Encouragement and hospitality are intertwined.
If you’re in a community – is it genuinely a place of hospitality? Are your new people welcomed? Embraced? Even if their presence in your Cell group means it isn’t quite as cosy or intimate as it used to be? What about at Cluster events – will you talk to the people you don’t quite know as well – show hospitality – or stay in the comfort zone of speaking to the people you feel safe with?
A few weeks ago I was challenged walking home from school. I saw someone we know and they were walking so slowly. I was so annoyed by how slow they were walking; I wanted to cross the road and rush home. I sensed a little check in my spirit – no, walk slower. It annoys you but I want you to talk and embrace this person. I did – it cost me about an extra 5 minutes.
Hospitality is costly. Hospitality is an attitude. That’s why it’s way more than a dinner party. In the same way it was costly for the early church to embrace Saul but look at what the Lord did through their inclusion.
Who can you welcome today? Into your heart? Home? Community?
Help us to embrace the gift of hospitality & share God’s goodness with all we meet.
READING: Acts 9:19b-31
Saul spent several days with the disciples in Damascus. At once he began to preach in the synagogues that Jesus is the Son of God. All those who heard him were astonished and asked, ‘Isn’t he the man who caused havoc in Jerusalem among those who call on this name? And hasn’t he come here to take them as prisoners to the chief priests?’ Yet Saul grew more and more powerful and baffled the Jews living in Damascus by proving that Jesus is the Messiah.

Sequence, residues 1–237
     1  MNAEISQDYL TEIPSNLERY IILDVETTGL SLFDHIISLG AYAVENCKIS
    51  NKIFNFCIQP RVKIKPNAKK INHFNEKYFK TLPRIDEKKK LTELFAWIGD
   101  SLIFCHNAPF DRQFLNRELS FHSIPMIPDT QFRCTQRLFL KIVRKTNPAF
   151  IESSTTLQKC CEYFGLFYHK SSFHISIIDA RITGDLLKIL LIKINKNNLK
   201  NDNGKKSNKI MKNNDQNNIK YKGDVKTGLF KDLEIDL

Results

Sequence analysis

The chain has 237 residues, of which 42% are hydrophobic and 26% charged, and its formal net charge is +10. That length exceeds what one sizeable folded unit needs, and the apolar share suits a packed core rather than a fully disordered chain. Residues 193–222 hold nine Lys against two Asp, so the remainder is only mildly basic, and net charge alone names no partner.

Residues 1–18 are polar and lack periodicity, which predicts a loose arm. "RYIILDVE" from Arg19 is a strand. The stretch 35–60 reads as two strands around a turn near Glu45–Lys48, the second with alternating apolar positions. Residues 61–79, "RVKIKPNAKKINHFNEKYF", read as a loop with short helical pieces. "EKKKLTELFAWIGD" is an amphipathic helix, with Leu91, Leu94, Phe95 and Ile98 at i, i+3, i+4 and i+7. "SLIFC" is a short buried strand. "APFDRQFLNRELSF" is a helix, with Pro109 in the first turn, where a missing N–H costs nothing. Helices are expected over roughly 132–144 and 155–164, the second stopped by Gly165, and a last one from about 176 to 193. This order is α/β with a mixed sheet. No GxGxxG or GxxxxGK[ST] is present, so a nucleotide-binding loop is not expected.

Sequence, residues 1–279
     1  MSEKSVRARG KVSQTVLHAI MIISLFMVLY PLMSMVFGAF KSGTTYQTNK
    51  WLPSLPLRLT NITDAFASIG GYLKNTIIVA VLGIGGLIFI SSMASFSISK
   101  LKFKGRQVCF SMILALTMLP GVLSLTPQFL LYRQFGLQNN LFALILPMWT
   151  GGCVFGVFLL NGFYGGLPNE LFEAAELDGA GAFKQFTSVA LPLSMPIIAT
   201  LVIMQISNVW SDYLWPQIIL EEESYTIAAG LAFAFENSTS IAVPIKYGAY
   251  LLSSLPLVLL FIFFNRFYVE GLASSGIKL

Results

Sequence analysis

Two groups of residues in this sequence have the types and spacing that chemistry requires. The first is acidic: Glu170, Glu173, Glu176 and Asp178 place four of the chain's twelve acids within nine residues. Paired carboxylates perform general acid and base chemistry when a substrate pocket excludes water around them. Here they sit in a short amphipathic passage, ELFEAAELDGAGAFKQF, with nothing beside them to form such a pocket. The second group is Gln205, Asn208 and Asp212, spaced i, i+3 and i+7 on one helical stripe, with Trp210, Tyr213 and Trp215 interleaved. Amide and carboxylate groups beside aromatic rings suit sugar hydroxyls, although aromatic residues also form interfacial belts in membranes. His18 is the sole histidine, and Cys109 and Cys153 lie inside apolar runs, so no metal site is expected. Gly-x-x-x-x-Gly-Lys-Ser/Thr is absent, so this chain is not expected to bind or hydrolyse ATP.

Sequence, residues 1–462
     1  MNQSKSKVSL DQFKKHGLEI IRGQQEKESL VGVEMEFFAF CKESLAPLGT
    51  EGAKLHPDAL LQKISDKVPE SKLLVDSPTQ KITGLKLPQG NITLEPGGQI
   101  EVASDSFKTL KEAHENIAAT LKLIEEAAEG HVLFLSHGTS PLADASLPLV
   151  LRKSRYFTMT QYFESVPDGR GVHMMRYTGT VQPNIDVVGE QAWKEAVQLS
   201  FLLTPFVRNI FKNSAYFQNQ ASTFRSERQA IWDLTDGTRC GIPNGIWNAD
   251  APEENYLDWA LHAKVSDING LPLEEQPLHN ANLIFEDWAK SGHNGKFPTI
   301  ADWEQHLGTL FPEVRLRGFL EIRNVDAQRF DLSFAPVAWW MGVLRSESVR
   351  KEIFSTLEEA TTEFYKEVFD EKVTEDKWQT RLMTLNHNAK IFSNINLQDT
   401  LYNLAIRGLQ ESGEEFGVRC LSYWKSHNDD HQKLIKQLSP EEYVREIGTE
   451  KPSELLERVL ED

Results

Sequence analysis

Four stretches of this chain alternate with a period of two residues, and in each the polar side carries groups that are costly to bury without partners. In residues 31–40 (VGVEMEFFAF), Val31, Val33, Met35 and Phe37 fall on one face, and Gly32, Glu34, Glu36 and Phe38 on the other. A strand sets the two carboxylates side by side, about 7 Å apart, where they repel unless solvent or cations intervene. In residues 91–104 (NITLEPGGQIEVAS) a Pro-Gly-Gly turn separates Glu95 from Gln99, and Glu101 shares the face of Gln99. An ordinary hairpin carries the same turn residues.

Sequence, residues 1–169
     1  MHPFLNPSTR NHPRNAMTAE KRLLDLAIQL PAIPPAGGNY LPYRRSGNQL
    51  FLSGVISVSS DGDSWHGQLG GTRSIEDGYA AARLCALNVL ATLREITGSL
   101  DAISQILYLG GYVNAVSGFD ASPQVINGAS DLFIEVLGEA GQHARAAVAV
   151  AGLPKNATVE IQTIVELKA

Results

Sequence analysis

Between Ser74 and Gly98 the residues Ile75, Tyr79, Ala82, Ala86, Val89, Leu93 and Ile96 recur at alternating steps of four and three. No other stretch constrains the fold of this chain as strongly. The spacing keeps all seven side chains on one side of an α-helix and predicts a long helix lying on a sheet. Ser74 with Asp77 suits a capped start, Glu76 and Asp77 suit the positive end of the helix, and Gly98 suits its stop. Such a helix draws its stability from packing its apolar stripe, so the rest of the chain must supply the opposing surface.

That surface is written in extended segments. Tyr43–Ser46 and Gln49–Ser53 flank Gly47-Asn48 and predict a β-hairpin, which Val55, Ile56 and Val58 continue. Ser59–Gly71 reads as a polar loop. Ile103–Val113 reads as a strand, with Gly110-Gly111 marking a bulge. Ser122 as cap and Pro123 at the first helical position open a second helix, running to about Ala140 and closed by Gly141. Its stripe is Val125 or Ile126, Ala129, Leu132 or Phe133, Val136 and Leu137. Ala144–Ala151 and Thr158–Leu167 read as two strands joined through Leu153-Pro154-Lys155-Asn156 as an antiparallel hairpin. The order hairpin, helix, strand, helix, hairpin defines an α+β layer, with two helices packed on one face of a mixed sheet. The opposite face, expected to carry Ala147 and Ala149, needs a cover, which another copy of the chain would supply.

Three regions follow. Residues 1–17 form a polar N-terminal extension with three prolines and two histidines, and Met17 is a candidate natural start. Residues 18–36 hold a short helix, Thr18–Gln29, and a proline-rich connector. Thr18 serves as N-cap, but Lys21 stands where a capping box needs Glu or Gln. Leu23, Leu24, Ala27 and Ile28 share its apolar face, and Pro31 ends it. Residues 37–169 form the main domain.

After many days had gone by, there was a conspiracy among the Jews to kill him, but Saul learned of their plan. Day and night they kept close watch on the city gates in order to kill him. But his followers took him by night and lowered him in a basket through an opening in the wall.
When he came to Jerusalem, he tried to join the disciples, but they were all afraid of him, not believing that he really was a disciple. But Barnabas took him and brought him to the apostles. He told them how Saul on his journey had seen the Lord and that the Lord had spoken to him, and how in Damascus he had preached fearlessly in the name of Jesus. So Saul stayed with them and moved about freely in Jerusalem, speaking boldly in the name of the Lord. He talked and debated with the Hellenistic Jews, but they tried to kill him. When the believers learned of this, they took him down to Caesarea and sent him off to Tarsus.
Then the church throughout Judea, Galilee and Samaria enjoyed a time of peace and was strengthened. Living in the fear of the Lord and encouraged by the Holy Spirit, it increased in numbers.